It seems like oatmilk is everywhere these days, and if you’re following a gluten-free diet, you might be asking yourself, Is oatmilk gluten free? In this article, I discuss how oatmilk may – or may not be – gluten free and whether it’s safe to consume on a gluten-free diet. I also tested Silk Oatmilk for hidden gluten and was shocked by the results. This article contains affiliate links. Please see my disclosures.
The explosion of dairy-free “milk” alternatives is hard to ignore. There’s almondmilk, cashewmilk, flaxmilk, peamilk, soymilk, ricemilk, coconutmilk, and now, of course, oatmilk on the scene.
Oatmilk is made by soaking oats in water, pulverizing the oats it in a blender, and then straining it to create a creamy, milk-like substance.
If you’re following a diet free of gluten, a protein found in wheat, rye, and barley, you might be wondering if oatmilk is something you can safely consume.
To understand whether oatmilk is safe for someone on the gluten-free diet, let’s first discuss the safety oats and why oats are a controversial ingredient that may – or may not – contain gluten.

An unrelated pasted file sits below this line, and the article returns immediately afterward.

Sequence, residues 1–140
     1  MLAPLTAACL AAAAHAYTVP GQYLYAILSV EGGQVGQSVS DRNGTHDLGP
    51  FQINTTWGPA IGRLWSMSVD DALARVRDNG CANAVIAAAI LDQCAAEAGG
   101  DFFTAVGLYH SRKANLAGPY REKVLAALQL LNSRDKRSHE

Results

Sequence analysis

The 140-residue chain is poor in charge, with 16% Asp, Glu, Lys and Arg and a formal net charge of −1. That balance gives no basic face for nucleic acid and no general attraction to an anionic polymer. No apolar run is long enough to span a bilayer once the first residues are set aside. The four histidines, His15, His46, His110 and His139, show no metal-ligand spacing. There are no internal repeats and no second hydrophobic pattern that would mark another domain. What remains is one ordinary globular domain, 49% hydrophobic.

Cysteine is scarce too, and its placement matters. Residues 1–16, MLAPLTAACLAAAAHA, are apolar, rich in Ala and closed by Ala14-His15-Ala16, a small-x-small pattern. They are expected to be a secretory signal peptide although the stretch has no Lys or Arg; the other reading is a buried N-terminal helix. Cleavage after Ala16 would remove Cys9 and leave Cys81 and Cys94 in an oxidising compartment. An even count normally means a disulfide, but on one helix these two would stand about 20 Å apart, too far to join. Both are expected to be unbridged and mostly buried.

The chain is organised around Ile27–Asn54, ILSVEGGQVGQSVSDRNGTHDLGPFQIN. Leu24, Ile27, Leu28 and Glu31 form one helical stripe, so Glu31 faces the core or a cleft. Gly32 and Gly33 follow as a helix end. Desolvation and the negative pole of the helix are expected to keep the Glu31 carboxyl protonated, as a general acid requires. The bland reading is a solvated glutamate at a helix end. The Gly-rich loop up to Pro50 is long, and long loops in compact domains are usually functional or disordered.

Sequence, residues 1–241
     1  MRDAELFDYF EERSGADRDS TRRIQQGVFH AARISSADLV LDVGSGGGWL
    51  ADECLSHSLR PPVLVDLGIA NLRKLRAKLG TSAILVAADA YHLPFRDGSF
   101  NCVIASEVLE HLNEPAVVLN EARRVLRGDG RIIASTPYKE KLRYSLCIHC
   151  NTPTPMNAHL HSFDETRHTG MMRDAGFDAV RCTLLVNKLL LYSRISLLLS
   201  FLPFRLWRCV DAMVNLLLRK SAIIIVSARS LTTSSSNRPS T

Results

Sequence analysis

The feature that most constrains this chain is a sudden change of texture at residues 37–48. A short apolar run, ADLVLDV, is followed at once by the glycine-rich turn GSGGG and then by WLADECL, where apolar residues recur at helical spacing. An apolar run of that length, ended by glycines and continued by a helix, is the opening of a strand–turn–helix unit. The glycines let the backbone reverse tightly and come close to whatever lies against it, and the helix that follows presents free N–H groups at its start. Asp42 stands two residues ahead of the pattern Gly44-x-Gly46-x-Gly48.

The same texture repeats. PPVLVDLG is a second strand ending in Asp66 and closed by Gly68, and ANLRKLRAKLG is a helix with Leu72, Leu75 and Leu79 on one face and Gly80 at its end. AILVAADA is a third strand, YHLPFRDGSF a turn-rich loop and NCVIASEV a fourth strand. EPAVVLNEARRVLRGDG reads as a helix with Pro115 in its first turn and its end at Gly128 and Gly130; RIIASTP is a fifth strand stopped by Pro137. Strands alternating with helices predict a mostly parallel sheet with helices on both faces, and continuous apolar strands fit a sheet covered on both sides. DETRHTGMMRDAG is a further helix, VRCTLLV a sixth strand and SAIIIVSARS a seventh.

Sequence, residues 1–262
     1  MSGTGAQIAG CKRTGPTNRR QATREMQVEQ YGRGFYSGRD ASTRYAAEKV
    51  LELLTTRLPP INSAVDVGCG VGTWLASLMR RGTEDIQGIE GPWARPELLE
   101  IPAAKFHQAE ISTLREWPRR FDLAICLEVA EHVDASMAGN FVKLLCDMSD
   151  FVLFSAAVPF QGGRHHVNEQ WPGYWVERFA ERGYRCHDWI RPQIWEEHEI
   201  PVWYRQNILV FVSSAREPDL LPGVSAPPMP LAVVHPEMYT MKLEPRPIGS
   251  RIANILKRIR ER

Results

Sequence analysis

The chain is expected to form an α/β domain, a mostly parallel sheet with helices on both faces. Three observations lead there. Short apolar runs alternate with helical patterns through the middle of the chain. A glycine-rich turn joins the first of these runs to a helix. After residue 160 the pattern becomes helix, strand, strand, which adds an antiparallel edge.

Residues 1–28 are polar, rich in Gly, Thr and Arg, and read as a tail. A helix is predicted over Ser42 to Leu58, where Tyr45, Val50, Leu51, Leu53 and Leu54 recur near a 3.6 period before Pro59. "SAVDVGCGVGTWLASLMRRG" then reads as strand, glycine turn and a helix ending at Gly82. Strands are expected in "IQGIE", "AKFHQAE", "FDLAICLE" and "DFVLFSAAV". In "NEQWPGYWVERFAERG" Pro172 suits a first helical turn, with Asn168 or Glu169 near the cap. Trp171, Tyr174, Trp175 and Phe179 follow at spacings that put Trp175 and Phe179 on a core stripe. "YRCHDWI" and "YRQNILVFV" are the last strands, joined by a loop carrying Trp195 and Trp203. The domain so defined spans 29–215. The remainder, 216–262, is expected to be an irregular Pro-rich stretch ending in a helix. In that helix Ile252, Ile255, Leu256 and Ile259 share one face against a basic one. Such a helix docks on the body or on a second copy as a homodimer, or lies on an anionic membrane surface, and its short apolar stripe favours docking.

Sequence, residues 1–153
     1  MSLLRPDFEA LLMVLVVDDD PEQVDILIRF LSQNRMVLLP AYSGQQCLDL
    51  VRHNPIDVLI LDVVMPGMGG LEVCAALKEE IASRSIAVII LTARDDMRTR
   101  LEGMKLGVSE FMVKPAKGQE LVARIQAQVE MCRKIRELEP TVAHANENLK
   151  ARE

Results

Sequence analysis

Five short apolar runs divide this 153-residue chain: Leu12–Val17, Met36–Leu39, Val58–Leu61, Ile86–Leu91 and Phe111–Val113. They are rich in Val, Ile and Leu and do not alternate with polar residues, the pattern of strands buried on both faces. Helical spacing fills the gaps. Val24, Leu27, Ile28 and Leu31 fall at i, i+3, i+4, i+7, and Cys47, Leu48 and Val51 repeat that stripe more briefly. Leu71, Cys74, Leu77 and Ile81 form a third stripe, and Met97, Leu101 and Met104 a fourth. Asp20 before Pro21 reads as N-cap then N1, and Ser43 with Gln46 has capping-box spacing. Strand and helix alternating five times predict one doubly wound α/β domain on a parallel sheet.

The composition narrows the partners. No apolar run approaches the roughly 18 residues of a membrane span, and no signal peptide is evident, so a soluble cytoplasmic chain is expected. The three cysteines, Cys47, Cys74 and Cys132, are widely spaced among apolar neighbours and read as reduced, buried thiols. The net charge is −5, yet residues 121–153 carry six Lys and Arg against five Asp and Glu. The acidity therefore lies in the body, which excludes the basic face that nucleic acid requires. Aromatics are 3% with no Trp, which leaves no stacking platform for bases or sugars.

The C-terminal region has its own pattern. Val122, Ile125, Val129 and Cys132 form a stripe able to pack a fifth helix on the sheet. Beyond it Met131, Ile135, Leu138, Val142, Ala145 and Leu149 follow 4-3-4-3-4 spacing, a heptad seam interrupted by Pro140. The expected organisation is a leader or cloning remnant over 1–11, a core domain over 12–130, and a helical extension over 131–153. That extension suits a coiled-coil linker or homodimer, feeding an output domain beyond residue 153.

Are Oats Gluten Free?
Oats, while naturally gluten free, are notoriously cross contaminated with wheat during the growing, harvesting and manufacturing processes. This means oats are commingled with wheat grains and therefore a significant amount of wheat is found in oats.
Canadian researchers confirmed what the gluten-free community has known all along. They found the oat supply in Canada to be “heavily contaminated with gluten”, noting that 88 percent of oat-containing products contained gluten above the legal limit.
This is why any product made with oats, such as oatmilk, would likely contain detectable levels of gluten and therefore would not be gluten free.
That said, if a manufacturer uses gluten-free labeled oats to make a product, then the product would be safe for individuals with celiac disease or gluten intolerance to consume, regardless if the manufacturer used purity protocol or commodity oats.
Purity protocol oats are oats grown on dedicated gluten-free fields with dedicated equipment. Purity oats are harder to find and often result in a more expensive end product.